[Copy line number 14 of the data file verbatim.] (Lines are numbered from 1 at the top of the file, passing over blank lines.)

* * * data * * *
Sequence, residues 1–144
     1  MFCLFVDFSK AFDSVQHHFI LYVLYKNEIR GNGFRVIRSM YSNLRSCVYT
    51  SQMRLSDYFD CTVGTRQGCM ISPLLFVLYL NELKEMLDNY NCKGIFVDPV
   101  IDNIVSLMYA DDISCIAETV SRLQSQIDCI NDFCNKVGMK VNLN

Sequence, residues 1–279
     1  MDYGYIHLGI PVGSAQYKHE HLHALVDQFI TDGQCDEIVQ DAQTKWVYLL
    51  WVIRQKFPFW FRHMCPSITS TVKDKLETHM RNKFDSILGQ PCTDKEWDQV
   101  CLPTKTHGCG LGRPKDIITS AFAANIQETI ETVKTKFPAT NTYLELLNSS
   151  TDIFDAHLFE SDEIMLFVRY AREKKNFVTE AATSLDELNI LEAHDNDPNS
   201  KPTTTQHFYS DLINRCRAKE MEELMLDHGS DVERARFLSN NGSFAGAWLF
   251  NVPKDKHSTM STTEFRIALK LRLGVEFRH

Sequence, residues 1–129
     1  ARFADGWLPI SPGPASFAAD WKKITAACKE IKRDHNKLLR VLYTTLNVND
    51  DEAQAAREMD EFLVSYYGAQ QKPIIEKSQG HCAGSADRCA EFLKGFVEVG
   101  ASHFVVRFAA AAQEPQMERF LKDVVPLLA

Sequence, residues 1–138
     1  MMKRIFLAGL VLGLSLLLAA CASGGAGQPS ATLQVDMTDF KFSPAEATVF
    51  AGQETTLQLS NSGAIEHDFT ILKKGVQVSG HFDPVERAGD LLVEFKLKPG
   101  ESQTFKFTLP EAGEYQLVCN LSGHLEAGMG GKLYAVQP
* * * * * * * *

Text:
    51  DEAQAAREMD EFLVSYYGAQ QKPIIEKSQG HCAGSADRCA EFLKGFVEVG